Canada |

Cry Baby

by Kathryn Mockler

edited by Kevin Chong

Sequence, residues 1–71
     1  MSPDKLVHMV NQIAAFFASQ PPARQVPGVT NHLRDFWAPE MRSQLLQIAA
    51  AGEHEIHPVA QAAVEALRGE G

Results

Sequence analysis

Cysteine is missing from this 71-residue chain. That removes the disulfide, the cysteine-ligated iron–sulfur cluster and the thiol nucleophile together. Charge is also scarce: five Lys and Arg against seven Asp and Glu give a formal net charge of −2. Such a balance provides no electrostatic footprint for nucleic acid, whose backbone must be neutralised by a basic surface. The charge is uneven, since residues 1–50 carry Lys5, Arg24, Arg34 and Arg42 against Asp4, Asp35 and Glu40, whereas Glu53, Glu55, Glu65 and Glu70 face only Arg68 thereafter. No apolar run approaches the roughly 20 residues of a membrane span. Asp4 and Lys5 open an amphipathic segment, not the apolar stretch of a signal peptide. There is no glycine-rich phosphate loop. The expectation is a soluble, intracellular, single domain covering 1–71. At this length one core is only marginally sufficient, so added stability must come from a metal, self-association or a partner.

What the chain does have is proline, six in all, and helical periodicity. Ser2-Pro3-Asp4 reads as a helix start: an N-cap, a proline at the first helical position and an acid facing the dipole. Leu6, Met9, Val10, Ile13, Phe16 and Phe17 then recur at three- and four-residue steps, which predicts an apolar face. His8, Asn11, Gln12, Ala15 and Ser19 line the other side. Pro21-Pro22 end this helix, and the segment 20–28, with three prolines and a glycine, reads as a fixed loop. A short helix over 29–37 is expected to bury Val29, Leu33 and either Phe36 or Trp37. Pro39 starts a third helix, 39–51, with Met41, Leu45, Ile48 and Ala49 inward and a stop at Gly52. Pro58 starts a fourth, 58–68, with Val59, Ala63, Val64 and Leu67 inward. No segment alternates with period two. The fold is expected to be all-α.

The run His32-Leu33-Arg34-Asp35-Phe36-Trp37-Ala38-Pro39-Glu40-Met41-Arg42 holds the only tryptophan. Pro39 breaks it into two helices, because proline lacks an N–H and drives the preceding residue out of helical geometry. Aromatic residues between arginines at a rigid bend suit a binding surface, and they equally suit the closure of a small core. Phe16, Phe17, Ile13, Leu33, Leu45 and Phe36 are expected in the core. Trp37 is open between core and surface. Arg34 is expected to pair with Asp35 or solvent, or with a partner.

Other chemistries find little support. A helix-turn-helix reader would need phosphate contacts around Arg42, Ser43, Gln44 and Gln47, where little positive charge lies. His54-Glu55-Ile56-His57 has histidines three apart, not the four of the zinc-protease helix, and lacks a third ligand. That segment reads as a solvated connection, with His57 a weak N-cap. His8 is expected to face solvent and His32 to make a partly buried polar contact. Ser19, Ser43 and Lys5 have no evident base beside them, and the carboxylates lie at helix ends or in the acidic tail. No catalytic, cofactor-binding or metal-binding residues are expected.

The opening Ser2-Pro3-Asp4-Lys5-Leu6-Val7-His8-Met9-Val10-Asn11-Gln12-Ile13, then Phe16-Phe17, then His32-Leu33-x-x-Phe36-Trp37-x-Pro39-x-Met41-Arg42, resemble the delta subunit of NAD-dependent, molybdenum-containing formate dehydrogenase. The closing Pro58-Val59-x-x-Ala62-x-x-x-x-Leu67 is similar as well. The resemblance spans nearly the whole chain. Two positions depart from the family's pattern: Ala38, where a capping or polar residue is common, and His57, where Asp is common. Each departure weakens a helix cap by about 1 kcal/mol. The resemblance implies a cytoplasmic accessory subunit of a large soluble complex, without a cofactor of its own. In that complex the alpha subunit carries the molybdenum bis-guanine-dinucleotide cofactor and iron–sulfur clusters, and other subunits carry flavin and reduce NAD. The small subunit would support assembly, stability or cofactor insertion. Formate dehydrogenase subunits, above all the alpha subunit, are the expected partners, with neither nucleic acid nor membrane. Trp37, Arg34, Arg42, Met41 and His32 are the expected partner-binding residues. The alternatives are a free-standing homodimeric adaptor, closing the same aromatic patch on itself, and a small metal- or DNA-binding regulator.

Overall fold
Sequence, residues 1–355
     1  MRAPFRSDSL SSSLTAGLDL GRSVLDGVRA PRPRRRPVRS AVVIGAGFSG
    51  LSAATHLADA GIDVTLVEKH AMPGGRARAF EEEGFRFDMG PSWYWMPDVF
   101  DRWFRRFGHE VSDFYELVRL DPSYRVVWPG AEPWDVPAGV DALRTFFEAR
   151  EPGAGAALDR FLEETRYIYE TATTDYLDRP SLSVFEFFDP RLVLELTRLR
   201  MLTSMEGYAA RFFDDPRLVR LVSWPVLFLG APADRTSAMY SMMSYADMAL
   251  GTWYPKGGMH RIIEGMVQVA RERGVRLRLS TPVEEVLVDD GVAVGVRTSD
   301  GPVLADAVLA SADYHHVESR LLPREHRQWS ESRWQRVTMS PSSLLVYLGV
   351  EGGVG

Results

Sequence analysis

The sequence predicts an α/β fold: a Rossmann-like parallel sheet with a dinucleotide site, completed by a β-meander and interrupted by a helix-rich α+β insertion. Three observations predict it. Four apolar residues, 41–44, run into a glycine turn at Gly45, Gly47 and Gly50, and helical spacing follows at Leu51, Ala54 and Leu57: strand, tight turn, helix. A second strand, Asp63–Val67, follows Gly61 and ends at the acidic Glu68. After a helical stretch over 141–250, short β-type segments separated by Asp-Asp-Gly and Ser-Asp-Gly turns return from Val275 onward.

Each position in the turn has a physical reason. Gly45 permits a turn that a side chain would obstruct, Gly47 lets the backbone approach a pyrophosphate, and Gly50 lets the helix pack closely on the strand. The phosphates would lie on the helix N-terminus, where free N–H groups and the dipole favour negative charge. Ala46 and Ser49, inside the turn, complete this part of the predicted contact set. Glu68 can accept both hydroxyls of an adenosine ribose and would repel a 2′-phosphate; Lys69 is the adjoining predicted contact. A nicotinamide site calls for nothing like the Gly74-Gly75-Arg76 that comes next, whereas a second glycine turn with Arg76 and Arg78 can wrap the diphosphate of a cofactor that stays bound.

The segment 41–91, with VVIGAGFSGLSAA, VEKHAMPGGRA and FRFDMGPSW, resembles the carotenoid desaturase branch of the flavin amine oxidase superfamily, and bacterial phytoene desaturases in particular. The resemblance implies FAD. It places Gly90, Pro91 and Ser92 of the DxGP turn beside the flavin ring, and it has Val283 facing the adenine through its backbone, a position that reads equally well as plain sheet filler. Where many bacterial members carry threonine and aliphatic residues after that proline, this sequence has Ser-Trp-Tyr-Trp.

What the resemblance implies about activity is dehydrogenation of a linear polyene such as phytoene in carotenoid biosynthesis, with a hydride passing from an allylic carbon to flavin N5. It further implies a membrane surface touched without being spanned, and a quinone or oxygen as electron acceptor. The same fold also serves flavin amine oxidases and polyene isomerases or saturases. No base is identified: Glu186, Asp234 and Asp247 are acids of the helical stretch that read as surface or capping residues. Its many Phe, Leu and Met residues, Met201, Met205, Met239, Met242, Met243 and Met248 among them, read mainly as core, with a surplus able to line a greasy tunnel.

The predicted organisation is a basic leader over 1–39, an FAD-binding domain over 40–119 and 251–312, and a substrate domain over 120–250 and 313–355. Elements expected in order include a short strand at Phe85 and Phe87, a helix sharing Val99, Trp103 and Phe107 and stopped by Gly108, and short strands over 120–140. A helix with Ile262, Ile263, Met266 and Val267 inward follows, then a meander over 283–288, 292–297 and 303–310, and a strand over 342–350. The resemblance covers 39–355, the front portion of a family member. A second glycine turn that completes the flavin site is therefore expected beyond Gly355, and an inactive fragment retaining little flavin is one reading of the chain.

It is an early Friday morning. The alley is quiet except for the shopping carts and the rattling cans and bottles of the bottle collectors. This area is home to mostly apartment buildings, some large and high with swimming pools, others three-story walks-ups. All of the buildings are well-maintained with pleasant flowerbeds, manicured bushes, and healthy green lawns. On this particular street, a large brown house is flanked by two low-lying apartment buildings. At one time, this was probably a grand house, belonging to an affluent family, but somewhere along the way, someone had the foresight to turn the house into apartments and the backyard into a parking lot for the tenants. The owners, a young couple with two school age boys, live on the main floor. The remaining apartments and rooms are rented to quiet tenants who don't smoke or have pets and who are willing to sign a year lease. Because this is such a good area, the owners can afford to be choosy. The house is like the apartments on the street in that it has a large steel garbage bin and four recycling containers behind it in the back alley. In this city, the garbage and recycling trucks do their picks up in the alleys, not on the streets—a particular convenience for the bottle collectors who can go about their daily business unobtrusively. The sound of rattling bottles and cans has become for these residents a background noise that they are so accustomed, they scarcely hear it; not unlike the sound of traffic, airplanes, sirens, or honking horns. In what would be the apartment building to the left of the brown house, if you were facing the alley, lives a thirty-year-old woman and her husband. He is a college instructor, and she works from home writing articles for an encyclopedia on ancient Africa. The woman and her husband have only lived in this apartment for a few months now. It's smaller than they would have liked and the rent is high for what they've got, but it's in a convenient location and it’s safe. They tell themselves that that's what they're paying for. Although the apartment is small and faces onto the alley, they have a great view of the mountains, especially from their bedroom window. Everyday the mountains change, and sometimes the clouds hide them so it appears as if there are no mountains at all. This is what the woman likes best about living here—having a different view every day. But what she likes least about the apartment doesn't have anything to do with its price or size or design—it's the family next door. On warm sunny days, the family plays games in the parking lot behind their house. At first this didn't bother the woman, in fact, she thought it was great to see a family actually spend time together. I'll do that when I have kids, she even thought to herself. And it was nice to see, and it would have been great if not for the youngest boy. Invariably, during one of their many games: hockey, roller blading, biking, soccer, catch, he would end up getting mildly hurt or something would end up happening that he didn't particularly like or that didn’t particularly go his way and he would start crying. But he wouldn't just cry, a nice soft little cry—he would bawl and scream. And when this boy bawls and screams the sound is piercing. It's worse than the sound of the screeching tires of a car about to embark on a head on collision at busy intersection, and worse still than the sound thereafter of the succeeding cars slamming one by one into each other. It is so bad that the woman has actually taken to fantasizing about torturing the boy. At first she thought she was a terrible person for doing this. She wondered if maybe it meant that she was sick and needed to get some help or that she would be a bad mother and abuse her kids when and if she and her husband ever have them. They've decided to wait until they can afford them, which was fine when she was in her twenties, but now that she's over thirty she's worried she's running out of time. But just as the woman thought she should check herself into the nearest hospital, she noticed that she didn't have the same reaction when other children cried. No, she wasn't enraged in the same way; she didn't imagine pinching their arms or stuffing their faces with cotton balls so that they would shut up. Sure, when other children cried it was unpleasant the way anyone finds a loud noise unpleasant, but she didn't have the same reaction as she did with this boy. To test herself, the woman felt that she needed to test herself just in case she was cracking up, she would stand closer than she normally would to other crying children to see if the problem was indeed hers. And much to her relief, she was fine. Instead of wanting to drive the screaming little brats to the middle of a football field and leave them there to scream and cry their heads off, she felt that she wanted to console the other children. She felt she wanted to help them and take care of them. And this was her real nature. This was the person that she truly was. And it was after several experiments such as this that she realized the problem was not hers at all—it was the boy. There was something wrong with him. And now when the boy cries, she delights in her secret fantasies and scarcely feels a shred of guilt. The challenge in these fantasies is to torture the child without bringing any real harm to him, to do the things that a mean older sibling might do like making him eat things that would be distasteful or humiliating him in front of his peers. But although she feels no guilt about the fantasies with respect to this one boy, there remains a nagging concern at the back of her mind, which is—what if she, when and if she and her husband ever have them, have a child like this? Although she feels this would be most rare and almost an impossible fate to befall her and her husband as there is no sign of it on either side of either of their families, it is a concern all the same. How far can a mother's love truly go? she often ponders as she tensely watches the boy playing below her in the parking lot. How can the mother of that child love him, to any extent, with that awful, ghastly wail? You'd be always waiting for it, she thinks. You'd always be on your guard—the way a person living with a drunk prepares for him to drink, even if he hasn't had a drop in months. When the woman is not fantasizing, she likes to try and let the family know what she thinks of their youngest child as well as their loud and inconsiderate behaviour in what would otherwise be a quiet neighbourhood. She does this in subtle ways. For though the issue is at times troublesome, it has not escalated to the extent that she would confront them face-to-face. She has often thought of dropping a letter in their mailbox, but she surmises that she has spent an inordinate amount of time on this family as it is, and to write up a letter and take the effort of walking over to their house and placing it in their mailbox somehow seems frivolous. So instead she has decided to drop clues, which both save her time and clearly, she hopes, gets the message across. Some of these clues include closing the blinds abruptly or if the window happens to be open, slamming it shut. The woman has, on these occasions, seen the mother or father of the boys look up and then casually go back to whatever game they happen to be playing. The woman has also, in one case of desperation, hollered—Be quiet, which the family just flat out ignored. She had wanted to use other words but restrained herself because there were children present. Once in the middle of the day, when the children were not around, there came a sudden burst of loud music from the house. The woman was working on one of her encyclopedia articles at the time: sixteenth century Songhay king, Askia the Great. She had become so flustered and annoyed by the music that she could not control herself, and she screamed at the top of her lungs in the loudest voice she could muster: Shut the fuck up! Interestingly enough a few moments later, the music stopped, and as far as she is aware it has never happened again. When the woman told her husband about it, he found the whole thing hilarious, especially that she had the nerve to yell like that. But the woman didn't think it was very funny. It doesn't feel funny when it's you losing control, she had said to him at the time. And secretly she had worried that the children might have been around. Just because she hadn't seen them didn't mean they weren't there. Conveniently, her husband always seems to be teaching when the boy cries, and the family playing games in parking lot doesn't bother him as much as it bothers her. He thinks she's over reacting. And she doesn't blame him for thinking this; it's only natural. She's surprised, in fact, that he doesn't think she's crazy. If only you heard the way he cried, she tries to explain. Then you'd feel the same way as me. But he never gives the conversation more than a nod or the occasional really or that sounds awful. So the woman has given up telling her husband about it; she hardly mentions it to him at all. On this early Friday morning the woman is plugging away as usual on her encyclopedia articles. Today she writing about Ethiopia, and she thinks it strange that she's writing about all these places that she will mostly likely never get to see. Everything in the neighbourhood is relatively quiet. It is warm out, and the woman has her window wide open so she can feel the light breeze move through the room as she works. For the moment, she couldn't be more content. Then suddenly, outside, she hears a screen door slam. She hears the mother from the house next door raise her voice and say sharply, You sit here and think about what you have done! And then the screen door slams again and locks. Before the woman even has a chance to go to the window to investigate, it has already started. The boy is sitting on the back stairs of the house crying at the top of his lungs, crying as if he has just been shot or as if he has just found out that his mother is dead. Oh, it is an awful sound, the woman thinks to herself. And she is just about to shut the window so she can try to get some work done when she hears something else—a bottle collector pushing his cart over to the garbage and recycling bins. Not an unusual sound, but there's something else that she hears beneath the child's wail that causes her to stand at the window and watch. It is either muttering or singing; the woman can't tell which, but nonetheless, it piques her curiosity, and she stays where she is. As the bottle collector busies himself with his work, the child continues to cry in the same loud, piercing pitch that makes the woman want to throw something at him or douse him with a fireman's hose. At first the bottle collector doesn't seem to hear the child crying, and the woman wonders if maybe he's deaf. But then he starts flailing his arms as if to shoo away a fly, and the woman suddenly realizes that what he's trying to shoo away is the sound coming from the child. At last, an ally, the woman thinks. If at first she was tempted to return to her work, she is now not. For the scene that is about to unfold is sure to out do any fantasy that she could make up herself. The boy's wails have remained at the same pitch for the last few moments, a kind of steady rhythm of WAN...WAN...WAN...WAN...WAN. His efforts, it would appear, have failed to rouse the attention of his mother, so he tries another tactic of screaming for her intermittently between sobs. It is a horribly desperate sound, and the woman thinks the child must have done something rather treacherous. The bottle collector has now stopped working and is staring at the boy with the most disgusted look on his face he seems able to muster. Then, to the woman's surprise, he emits a loud noise not unlike the boy's sounds, and she suddenly realizes that he is mimicking the child. WAN...WAN, the bottle collector says. But the woman doesn't think the boy can hear him over his own sobs. WAN, WAN, WAN, the bottle collector says, louder. The boy stops and looks at him but continues crying as he had before. He doesn't appear frightened by the man just surprised to hear him speak. You're too old to be crying like that, the bottle collector says angrily and then tosses a bottle and some cans into his cart. The woman is glad to see that the child evokes the same rage in the bottle collector as he does in her. She is glad to see that she is not alone. WAN, WAN, WAN, he says again. I'll give you something to cry about. It occurs to the woman that if the situation were to escalate, she might actually have to step in on the boy's behalf. Though there isn't much she could do from here. Well, she could say something to the bottle collector or holler for the boy's mother or even tell the boy to get his mother. But she'd only do that if the situation were to get out of control. She's enjoying it too much now to say anything. I'll give you something to cry about, the bottle collector repeats. For a brief moment, the boy is silent and a look of fear finally crosses his face. He still cries, but now it is the cry of fear not the cry of whatever he was crying about before. The bottle collector appears very annoyed that he has not been able to shut this boy up. He completely stops what he's doing and starts to walk over to the child. You're an orphan, he says to the boy. That's something to cry about. You're an orphan. Now the boy is crying hysterically, and it is clear he is very frightened of the grizzly looking man who is standing before him with an empty pop bottle in his hand. A pop bottle, it looks like, he intends to whip at the child. FUCKING ASSHOLE! the bottle collector says and moves toward the boy menacingly. It would be at this point that someone else would head downstairs or at least say something to the man—utter a threat or throw something at him so the boy could get away. But if the woman is planning to step in, she is not showing it. She remains so fixed her in position that it is as if she has just been turned to stone. As she stares down at the bottle collector and the boy and their increasingly close proximity to one another, she is suddenly struck by a realization that she can no longer ignore—that not every woman born is meant to be a mother. And though the realization pains her, it also gives her a surprising sense of relief. It is then that she decides she will not go down. She will let things unfold as if she hasn't been watching. And this decision horrifies her. She doesn't even feel like she's been given a choice. Even if she wanted to go down and protect the boy, her feet will not carry her. In that sense she is paralyzed to act, but not out of fear as one might suppose but out of something greater than hate. When her husband comes home that night and finds the woman weeping on the couch, he presses her to tell him what is wrong, but she won't. She just keeps crying the most sorrowful cry he's ever heard. And isn't until years later when she eventually tells him that she will not bear him a child that he finally knows of the loss for which she had been weeping.